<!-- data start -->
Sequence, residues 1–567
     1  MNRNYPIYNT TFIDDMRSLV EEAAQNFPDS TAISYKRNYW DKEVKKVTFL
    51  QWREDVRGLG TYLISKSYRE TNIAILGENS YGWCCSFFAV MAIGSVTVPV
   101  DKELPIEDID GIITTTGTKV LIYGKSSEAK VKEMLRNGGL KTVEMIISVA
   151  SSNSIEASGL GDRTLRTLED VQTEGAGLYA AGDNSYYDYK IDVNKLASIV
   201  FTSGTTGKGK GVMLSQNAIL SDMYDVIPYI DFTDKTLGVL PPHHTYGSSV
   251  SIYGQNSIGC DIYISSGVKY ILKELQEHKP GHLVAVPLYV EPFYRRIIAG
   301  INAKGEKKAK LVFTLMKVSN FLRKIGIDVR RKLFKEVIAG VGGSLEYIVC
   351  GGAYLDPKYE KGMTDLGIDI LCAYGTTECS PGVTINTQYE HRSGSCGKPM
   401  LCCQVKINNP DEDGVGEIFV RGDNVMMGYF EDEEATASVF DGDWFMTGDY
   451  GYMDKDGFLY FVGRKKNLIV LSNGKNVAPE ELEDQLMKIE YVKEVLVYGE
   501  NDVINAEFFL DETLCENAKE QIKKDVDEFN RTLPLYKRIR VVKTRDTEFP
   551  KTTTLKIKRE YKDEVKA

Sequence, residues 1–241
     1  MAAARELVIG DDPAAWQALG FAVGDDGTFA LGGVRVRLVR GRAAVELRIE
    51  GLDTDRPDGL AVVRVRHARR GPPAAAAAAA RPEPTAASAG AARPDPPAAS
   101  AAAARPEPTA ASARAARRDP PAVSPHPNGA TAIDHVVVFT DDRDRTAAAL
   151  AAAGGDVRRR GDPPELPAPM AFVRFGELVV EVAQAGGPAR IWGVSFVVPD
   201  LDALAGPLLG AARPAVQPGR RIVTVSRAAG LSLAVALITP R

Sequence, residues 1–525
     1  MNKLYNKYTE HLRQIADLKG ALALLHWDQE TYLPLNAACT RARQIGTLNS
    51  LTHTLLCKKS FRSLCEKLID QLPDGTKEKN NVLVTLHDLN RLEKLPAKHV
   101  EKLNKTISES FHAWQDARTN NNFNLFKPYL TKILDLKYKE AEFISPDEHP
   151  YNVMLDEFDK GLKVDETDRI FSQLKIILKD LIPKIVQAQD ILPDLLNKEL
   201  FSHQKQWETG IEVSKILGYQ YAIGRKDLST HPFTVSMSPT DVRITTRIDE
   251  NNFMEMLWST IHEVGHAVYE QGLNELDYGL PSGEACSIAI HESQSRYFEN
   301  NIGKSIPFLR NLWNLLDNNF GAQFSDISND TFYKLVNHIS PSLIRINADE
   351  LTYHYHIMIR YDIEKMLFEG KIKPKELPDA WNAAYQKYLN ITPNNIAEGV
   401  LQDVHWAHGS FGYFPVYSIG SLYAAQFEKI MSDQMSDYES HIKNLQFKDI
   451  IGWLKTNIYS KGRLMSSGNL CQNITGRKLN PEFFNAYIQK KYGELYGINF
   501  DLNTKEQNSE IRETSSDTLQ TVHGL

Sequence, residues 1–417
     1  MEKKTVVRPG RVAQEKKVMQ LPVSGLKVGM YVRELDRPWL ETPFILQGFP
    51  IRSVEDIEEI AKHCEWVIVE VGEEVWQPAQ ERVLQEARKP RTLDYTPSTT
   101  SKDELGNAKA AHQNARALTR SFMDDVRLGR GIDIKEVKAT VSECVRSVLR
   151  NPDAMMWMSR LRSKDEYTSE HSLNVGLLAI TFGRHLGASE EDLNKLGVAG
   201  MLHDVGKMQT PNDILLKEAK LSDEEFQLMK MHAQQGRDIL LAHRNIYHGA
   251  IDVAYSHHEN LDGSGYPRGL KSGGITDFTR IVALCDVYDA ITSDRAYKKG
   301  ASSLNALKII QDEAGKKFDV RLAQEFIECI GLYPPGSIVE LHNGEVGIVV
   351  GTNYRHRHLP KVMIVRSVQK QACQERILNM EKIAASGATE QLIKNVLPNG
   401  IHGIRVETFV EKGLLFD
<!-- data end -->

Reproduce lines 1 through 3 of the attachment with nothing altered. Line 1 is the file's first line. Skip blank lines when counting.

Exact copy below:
Sequence, residues 1–567
     1  MNRNYPIYNT TFIDDMRSLV EEAAQNFPDS TAISYKRNYW DKEVKKVTFL
    51  QWREDVRGLG TYLISKSYRE TNIAILGENS YGWCCSFFAV MAIGSVTVPV